Chengde Imperial Summer Villa
Chengde Imperial Summer Villa is regarded as one of China's 4 most beautiful gardens, along with the Summer Palace in Beijing, the Humble Administrator's Garden and Lingering Garden in Suzhou. The Imperial Summer Villa was first established by Emperor Kangxi of Qing Dynasty. The renowned mountain resort reached its prime in the 1790's during the reign of Emperor Qianlong; one of the most famous Qing emperors. They each ordered the construction of 36 scenic spots, from moon gazing pavilions to rocks carved with Tang calligraphy. Today many of the 72 originals are no more as they were lost in the layers of time or destroyed by war. But for a park of nearly 590ha, there are still plenty of delightful old buildings tucked into meadows or glens. The entire parkland is closed in by a wall along the dramatic ridge at the northern edge and abuts the town along the south, adding to the feeling of separation from regular life. Tasteful trails cross the various creeks and hills and the wall itself can be walked in their entirety. While the surrounding countryside has long since been logged of its big trees, inside the park is a mature forest of pines and cypress, a rare treat in China. It's easy to imagine royalty roaming this imperial playground on lazy summer days, perhaps stopping to write a poem when the mood struck.
As for the famous spots, many are worth mentioning. The first and grandest is the Front Palace. The throne hall is an impressive structure, worthy of seating any emperor, and the Hall of Simplicity and Sincerity is notable for the fragrant wood, nanmu, from which it's constructed. Just beyond the palace is a large lake crisscrossed by bridges and islands and dotted with 18th century buildings. This area is the most beautiful in the park and meets expectations for a traditional Chinese landscape. Be sure to visit Ruyi Island and the Misty Rain Tower, the former imperial study. Beyond the lake is the Wenjin Chamber which housed a set of anthologies commissioned by Emperor Qianlong. The anthologies took 10 years to compile. Sadly, of the original four sets, three have been lost and the remaining one is now in Beijing. Further on down the path is the Yongyou Temple Pagoda, proudly standing over a grassy meadow and the remnants of a temple.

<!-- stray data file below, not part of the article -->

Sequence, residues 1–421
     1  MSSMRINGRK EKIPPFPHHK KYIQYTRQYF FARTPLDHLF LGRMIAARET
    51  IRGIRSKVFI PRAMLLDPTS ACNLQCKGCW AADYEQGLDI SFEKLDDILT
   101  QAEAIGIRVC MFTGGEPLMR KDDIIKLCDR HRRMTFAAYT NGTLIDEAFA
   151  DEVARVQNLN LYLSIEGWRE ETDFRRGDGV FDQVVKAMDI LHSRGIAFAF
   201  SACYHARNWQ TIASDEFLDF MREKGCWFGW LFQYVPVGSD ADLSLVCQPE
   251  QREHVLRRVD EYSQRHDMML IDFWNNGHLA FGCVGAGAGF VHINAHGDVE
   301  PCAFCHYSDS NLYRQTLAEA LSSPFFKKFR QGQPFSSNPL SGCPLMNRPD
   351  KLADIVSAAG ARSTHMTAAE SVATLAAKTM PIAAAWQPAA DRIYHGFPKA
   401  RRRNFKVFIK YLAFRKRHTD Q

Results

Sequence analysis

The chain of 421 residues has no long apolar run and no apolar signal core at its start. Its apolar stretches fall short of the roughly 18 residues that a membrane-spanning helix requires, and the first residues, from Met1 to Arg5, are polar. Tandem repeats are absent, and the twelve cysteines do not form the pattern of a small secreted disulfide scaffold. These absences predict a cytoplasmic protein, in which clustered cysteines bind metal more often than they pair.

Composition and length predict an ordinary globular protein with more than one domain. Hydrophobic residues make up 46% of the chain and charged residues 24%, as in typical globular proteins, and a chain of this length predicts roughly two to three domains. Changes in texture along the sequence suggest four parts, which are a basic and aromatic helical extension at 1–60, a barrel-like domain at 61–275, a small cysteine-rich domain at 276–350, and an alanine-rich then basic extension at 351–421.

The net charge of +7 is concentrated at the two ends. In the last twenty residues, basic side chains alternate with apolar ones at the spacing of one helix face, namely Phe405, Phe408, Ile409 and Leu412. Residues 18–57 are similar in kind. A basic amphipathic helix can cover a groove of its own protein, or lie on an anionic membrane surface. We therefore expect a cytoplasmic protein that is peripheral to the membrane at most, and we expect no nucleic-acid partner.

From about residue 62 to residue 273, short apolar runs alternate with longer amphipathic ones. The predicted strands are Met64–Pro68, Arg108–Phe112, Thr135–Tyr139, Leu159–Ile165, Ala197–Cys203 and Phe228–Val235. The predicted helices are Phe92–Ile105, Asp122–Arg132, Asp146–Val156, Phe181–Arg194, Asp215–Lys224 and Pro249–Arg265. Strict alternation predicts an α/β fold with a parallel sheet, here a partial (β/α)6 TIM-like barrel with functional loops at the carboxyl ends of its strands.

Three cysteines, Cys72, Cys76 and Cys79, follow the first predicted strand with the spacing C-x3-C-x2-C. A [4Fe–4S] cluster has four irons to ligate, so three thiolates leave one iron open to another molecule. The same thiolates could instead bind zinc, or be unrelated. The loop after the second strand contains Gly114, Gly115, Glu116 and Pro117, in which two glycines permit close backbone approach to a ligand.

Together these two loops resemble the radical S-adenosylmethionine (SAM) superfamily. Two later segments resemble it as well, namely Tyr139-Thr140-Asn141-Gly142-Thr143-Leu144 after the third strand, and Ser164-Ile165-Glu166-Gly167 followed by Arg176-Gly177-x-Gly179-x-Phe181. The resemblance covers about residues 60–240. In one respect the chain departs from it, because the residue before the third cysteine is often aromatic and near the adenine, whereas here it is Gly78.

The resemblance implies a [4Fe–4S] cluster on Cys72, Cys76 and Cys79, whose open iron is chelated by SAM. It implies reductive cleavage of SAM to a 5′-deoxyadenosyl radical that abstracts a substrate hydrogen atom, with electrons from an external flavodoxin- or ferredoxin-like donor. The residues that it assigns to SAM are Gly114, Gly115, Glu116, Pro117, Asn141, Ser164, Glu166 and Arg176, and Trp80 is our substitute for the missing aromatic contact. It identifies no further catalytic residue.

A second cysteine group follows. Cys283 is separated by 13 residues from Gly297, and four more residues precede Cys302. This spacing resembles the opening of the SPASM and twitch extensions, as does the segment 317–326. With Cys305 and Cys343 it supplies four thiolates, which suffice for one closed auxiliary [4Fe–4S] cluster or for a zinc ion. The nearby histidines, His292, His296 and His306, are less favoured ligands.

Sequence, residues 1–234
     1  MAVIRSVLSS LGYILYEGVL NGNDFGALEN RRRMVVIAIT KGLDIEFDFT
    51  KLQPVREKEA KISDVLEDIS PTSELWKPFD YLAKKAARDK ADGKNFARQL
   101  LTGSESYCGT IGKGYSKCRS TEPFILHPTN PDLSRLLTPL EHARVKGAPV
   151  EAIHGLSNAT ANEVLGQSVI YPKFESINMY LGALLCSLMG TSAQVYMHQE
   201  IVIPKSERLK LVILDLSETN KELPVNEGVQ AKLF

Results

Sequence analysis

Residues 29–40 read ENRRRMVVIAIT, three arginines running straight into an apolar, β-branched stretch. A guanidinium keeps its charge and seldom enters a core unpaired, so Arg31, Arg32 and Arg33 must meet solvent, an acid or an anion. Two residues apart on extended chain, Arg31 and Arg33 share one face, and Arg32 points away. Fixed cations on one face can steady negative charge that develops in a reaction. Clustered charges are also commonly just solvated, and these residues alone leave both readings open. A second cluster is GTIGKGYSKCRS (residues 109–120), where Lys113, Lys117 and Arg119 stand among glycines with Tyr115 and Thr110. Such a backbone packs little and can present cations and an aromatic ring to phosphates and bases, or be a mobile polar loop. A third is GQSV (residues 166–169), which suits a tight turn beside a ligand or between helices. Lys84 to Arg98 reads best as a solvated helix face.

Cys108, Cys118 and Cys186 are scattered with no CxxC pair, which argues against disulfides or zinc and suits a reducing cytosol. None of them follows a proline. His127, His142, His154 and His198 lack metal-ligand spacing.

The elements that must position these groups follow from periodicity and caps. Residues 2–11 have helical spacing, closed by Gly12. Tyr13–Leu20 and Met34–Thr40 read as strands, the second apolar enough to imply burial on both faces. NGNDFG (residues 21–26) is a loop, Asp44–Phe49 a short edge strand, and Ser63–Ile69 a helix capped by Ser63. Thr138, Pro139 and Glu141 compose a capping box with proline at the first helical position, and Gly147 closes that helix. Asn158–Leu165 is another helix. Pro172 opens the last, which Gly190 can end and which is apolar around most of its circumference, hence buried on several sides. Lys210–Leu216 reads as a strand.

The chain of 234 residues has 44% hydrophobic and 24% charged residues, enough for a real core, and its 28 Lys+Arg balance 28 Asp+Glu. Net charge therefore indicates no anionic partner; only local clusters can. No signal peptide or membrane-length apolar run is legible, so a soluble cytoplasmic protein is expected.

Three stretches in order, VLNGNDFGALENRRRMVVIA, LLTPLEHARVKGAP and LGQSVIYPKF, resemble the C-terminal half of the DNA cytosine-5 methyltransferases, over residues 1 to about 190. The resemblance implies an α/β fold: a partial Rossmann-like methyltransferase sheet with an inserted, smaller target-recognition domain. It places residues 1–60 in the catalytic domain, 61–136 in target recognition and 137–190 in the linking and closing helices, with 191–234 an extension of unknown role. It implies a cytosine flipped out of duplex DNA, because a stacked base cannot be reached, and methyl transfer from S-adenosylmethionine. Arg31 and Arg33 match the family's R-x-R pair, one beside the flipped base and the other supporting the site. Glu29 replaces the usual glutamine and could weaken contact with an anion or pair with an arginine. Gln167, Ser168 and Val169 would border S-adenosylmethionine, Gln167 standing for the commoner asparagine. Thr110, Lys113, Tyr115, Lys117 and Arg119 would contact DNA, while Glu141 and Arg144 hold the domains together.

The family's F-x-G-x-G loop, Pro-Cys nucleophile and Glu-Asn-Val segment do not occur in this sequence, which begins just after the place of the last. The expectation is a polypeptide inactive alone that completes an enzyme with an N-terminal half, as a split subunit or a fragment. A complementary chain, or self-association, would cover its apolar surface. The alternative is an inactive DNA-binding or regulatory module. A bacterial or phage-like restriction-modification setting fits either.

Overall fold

After you've had your fill of historic sites, roaming the hills in search of solitude and birdsong is a pleasure in itself. Who knows, you might find one of the missing 72 scenic spots. The back of the park was originally the imperial hunting grounds, chosen for its varied terrain. Now, instead of going on horseback, there are hourly tour bus trips up the hills that stop at the scenic points where tourists still look for deer or joke about tigers and wolves. If you make it up to the top ridge the views are indeed superb and many of the other local sights are visible, including Hammer Mountain to the east and the Putuozongcheng Zhi Miao to the north.